Hooded plover numbers continue steady climb on Yorke Peninsula
Yorke Peninsula is home to more than a quarter of South Australia’s threatened hooded plover population and the latest monitoring results show another uptick in numbers on Narungga Country.
The results are in from BirdLife Australia’s 2022 biennial hooded plover count, revealing 292 of the state’s 803 adult hooded plovers live on Yorke Peninsula. Seven more ‘hoodies’, as they’re affectionately known, were counted on Yorke Peninsula compared to the 2020 count.
“Given that Yorke Peninsula saw a large jump between 2018 and 2020 of 37 adult hooded plovers, it’s promising to see this large gain has not only been maintained, but added to,” said Northern and Yorke Landscape Board’s Janet Moore.
“With more than a quarter of the state’s hoodies calling Yorke Peninsula home, it just shows how important this region is for the future of this vulnerable species.”
Through BirdLife Australia’s Beach-nesting Birds program, the biennial count on Yorke Peninsula is part of the Marna Banggara project, which is jointly funded through the Northern and Yorke Landscape Board, the Australian Government’s National Landcare Program, the South Australian Department for Environment and Water, WWF-Australia and Foundation for National Parks & Wildlife, in partnership with the Narungga Nation Aboriginal Corporation.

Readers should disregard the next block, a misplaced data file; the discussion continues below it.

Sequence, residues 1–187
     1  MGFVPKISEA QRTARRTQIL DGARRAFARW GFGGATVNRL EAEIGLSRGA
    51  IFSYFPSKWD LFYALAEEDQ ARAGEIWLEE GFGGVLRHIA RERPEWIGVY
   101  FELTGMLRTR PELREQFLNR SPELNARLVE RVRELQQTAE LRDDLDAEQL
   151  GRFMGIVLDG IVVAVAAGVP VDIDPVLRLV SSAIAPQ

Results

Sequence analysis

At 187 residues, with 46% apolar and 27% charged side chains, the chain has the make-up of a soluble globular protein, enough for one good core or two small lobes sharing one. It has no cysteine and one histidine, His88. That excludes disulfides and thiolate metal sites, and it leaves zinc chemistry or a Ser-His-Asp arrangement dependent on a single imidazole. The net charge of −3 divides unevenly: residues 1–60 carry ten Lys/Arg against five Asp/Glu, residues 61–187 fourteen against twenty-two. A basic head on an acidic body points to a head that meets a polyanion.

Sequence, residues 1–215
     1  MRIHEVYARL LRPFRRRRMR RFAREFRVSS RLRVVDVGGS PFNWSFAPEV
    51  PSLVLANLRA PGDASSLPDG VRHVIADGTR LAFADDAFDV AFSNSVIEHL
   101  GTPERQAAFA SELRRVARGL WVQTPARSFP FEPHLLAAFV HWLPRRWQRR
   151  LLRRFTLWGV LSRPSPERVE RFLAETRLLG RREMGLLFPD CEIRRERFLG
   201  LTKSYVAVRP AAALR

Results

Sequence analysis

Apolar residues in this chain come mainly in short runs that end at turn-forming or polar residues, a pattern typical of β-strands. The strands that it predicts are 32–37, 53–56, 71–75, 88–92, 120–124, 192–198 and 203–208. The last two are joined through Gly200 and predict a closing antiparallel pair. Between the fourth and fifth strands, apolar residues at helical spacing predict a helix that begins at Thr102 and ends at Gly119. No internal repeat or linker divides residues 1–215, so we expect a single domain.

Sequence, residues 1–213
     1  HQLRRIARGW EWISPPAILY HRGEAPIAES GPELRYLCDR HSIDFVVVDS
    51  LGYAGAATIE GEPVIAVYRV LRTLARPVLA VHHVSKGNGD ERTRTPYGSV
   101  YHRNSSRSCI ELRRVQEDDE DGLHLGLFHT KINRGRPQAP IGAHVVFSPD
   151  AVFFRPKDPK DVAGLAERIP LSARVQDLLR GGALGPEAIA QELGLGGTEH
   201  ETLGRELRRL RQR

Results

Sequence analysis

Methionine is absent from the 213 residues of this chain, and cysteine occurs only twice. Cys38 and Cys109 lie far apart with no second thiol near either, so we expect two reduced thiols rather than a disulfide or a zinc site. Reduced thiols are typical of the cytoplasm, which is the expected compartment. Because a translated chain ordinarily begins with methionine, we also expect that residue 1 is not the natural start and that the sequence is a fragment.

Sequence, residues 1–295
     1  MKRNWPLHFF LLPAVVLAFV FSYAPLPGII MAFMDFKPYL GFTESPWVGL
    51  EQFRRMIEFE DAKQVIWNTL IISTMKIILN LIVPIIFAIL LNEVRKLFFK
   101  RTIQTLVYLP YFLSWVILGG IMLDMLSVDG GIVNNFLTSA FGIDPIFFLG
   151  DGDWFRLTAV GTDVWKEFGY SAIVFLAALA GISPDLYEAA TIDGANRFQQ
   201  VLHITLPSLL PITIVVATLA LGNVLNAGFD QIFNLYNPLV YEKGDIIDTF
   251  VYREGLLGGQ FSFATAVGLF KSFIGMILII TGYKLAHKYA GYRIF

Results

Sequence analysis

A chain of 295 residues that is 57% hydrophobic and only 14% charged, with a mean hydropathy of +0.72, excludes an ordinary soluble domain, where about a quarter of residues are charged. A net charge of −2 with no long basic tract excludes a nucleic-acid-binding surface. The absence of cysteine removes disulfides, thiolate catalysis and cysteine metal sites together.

The odds are stacked against hooded plovers, a threatened shorebird that lays its eggs in shallow scrapes in the sand. Vulnerable to off-leash dogs, vehicles, beach-goers and predators, they have only a 2.5% chance of reaching adulthood. They spend 28 days incubating eggs on the sand and then the chicks need 5 weeks to forage for food near the water’s edge before fledging.
Volunteers along Yorke Peninsula’s coastline are on high alert during the breeding period, between August and March, which is the busiest time on our beaches.
“Even though the numbers are slowly increasing, the hoodies still need our help in protecting their nesting habitat,” said Nanou Cabourdin, Friends of Hooded Plovers Volunteer Regional Coordinator.
Ms Cabourdin worked with the Northern and Yorke Landscape Board to rally more than 40 volunteers who covered 355 kilometres as part of the 2022 biennial count in November last year.
“I want to thank all the biennial count volunteers for their big effort, as they often had to battle bad weather. Many covered more than one route and because of that we accomplished our goal to cover all of Yorke Peninsula’s coastline,” she said.
The count revealed hooded plovers on beaches where they had not been seen before, including at Pine Point and one lucky volunteer even counted 31 birds on a 10km stretch of beach at Sturt Bay.